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Previously – Part 9


Sabah is different. Really different. You walk around the city, listen to the people talking to each other and it sounds familiar, yet feels distant. It is a part of Malaysia but sometimes, it feels like you are actually in another country. After all, there are a lot of different tribes and ethnics here as compared to the three major races in West Malaysia. Surprisingly, they live more harmoniously than us, West Malaysians. No prejudice, no hatred, just pure love.

The Filipino Market, renamed as the Handcraft Market.

On our second night in Kota Kinabalu, after we drove up until UiTM (read about it here), we returned back to the city centre, planning to visit the Filipino Market (finally we had a plan!). We asked our local friend, Dayang whether she wanted to join us, but she said “Tak mau bah! Tak best! | Don’t want bah! Nothing much!

The best part about speaking the Malay language with a Sabahan is that apart from they have their own melody-centric accent, they don’t usually use -lah as we normally do. Instead, they use -bah. Yes bah!

But we decided to still have a visit there.

Need a quick fix to your pants? They do it by the roadside here! (Sorry for the bad quality photo)

According to our friend, the term Filipino Market came after the area was swarmed by the Filipinos who decided to start their business there thus the name Filipino Market. She also told us that the relationship between the locals and the Filipinos are not that good.

But Akmal and me didn’t mind. We just wanted to explore the place and see what this place is all about.

Soon after we reached the market area, we were shocked. There was no place to park our car. No spot at all. We actually made about 2 to 3 rounds along the road just to find a spot. We almost decided to cancel the visit, but due to our perseverance, we managed to get a spot (yeay!).

The place was full with people. People selling fruits by the roadside, children playing beside the road whilst their parents busy bargaining with the seller. The atmosphere was festive. Once in a while, I bumped into other people’s shoulder, whilst trying to go further up.

Amplang crackers, a Sabah snack. Made from fish or seafood, it is a must try and must buy if one comes to Sabah.

There are a lot of sellers selling food, souvenirs, and even roadside tailors. The scenery was different but once we immersed ourselves with the atmosphere, it felt good.

We saw the market’s name being painted on the wall but instead of Filipino Market, the painting read: Kota Kinabalu Handcraft Market. Well, a way to discourage the Filipinos there, perhaps? I don’t know.

Ring crackers. Made from brown sugar, this cracker is sweet and crispy.

Apart from the usual Asian generic souvenirs, there are pearls (I didn’t know whether they are originals or fakes) as well as food items such as the Amplang crackers and ring crackers. We did buy some crackers and after bargaining with the seller, we managed to get a free pack of Amplang cracker as well as a discount. The seller then put them in a box, so we did not have to worry about how to carry.

Pearls. Original? Fake? I have no idea.

Nearby the souvenir markets is a food court (if we can call it as one). It is a big one with open air concept. Mostly, they sell grilled seafood apart from other fried food and local delicacies like kuih pulut.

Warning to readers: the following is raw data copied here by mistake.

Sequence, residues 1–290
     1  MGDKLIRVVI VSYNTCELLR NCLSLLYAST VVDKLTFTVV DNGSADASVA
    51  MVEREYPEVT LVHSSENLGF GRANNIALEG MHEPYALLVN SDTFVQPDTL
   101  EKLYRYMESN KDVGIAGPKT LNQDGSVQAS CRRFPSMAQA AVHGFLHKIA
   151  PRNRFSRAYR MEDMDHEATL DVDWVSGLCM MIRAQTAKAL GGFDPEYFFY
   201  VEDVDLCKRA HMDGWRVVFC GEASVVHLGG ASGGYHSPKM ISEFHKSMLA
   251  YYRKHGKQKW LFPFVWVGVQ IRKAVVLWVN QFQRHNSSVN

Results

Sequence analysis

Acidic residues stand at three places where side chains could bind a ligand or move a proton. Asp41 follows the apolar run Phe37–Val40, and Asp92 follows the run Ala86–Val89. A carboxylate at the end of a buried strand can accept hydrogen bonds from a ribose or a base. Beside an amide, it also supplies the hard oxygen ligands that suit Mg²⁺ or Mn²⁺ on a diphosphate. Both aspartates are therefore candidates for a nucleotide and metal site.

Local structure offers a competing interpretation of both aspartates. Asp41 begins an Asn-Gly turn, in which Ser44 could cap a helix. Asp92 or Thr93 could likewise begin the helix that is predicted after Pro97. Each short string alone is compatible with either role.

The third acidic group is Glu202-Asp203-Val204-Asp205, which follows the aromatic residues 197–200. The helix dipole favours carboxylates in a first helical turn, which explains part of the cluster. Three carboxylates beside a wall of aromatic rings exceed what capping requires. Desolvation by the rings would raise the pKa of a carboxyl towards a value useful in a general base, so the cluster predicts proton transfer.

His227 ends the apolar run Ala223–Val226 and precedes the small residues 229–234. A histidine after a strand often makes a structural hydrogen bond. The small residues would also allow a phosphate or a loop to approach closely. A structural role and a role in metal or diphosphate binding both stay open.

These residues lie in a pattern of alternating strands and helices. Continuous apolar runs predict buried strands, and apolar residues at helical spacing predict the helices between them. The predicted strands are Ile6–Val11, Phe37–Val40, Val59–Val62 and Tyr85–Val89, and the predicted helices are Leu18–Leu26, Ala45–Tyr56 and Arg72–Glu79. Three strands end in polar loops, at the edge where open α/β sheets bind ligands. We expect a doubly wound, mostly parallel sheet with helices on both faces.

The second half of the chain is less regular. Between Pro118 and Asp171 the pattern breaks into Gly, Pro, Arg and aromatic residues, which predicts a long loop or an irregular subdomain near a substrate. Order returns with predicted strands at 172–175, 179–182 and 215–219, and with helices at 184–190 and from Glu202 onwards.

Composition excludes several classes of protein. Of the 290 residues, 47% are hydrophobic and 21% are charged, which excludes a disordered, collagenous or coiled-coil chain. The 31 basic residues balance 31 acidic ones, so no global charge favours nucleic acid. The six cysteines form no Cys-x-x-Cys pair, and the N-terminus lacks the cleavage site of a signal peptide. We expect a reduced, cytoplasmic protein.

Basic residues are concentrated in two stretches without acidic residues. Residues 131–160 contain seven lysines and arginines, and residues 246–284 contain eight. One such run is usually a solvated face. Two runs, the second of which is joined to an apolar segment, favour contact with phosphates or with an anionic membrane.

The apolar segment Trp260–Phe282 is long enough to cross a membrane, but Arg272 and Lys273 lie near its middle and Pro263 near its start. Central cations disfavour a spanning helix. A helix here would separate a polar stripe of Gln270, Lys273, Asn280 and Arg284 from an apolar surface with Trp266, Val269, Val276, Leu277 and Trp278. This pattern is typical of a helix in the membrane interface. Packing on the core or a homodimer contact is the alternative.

Grilled squid! Yummy!

After going round the market, I saw yummy-looking rows and rows of grilled squids. Thinking twice, and finally I bought them. The seller looks local, but they didn’t speak the Malay language. Filipino perhaps? Or Bajau? Well, that’s the uniqueness of Sabah. You never know unless you stay here long enough.

I did say I think twice, right?

Well, I need to. Because, hygiene-wise, the place is not so hygienic. But exotic-wise, it does have the exotic feeling. 😀

The Kuih Pulut (glutinous rice) dip in brown sugar.

I tried the Kuih Pulut and also the ABC. Akmal tried the ABC. He didn’t try the Kuih Pulut. Or did he take a bite?

Yeah, not sure but when it comes to food, I tried almost everything not prohibited to be eaten, especially during travelling. Hahaha. Try this, try that. Or else I will be regret. 🙂

ABC (Ice shaved?)

We ended our 2nd night with the ABC. It was a great day. Though we just wandered around, but seeing places up north until UiTM was something different. At least, we knew how the road conditions are, the locations and the view. And the Filiino Market? Busy but worth a visit. Especially for kaki shoppingborong souvenirs and keropok. Hehe.

We went back to the hostel and called it a day.


The market is located almost opposite the main minibus station next to the Centre Point Shopping Complex on Jalan Tun Fuad Stephens. If you are on Jalan Tun Fuad Stephens, rest assured that you have reached there when you see a lot of cars parked or looking for a parking spot.


To Be Continued – Part 11


We are Khai and Amira, Malaysian travel bloggers behind Kaki Jalans. Our travels have taken us to almost all the countries in Asean and several countries in Europe. We are still actively travelling and adding to this list.


  1. Pingback: Visit Malaysia: Kota Kinabalu, Sabah [Part 9] – Wandering Around | The Best Things in Life

  2. Reblogged this on Cooking Up a Storm With Miss Polly and commented:
    For all my readers from Malaysia and my Filipino friends this great story about this great Filipino Market….

    Polly Motzko

  3. Pingback: Visit Malaysia: Kota Kinabalu, Sabah [Part 11] – Kinabalu Park | The Best Things in Life

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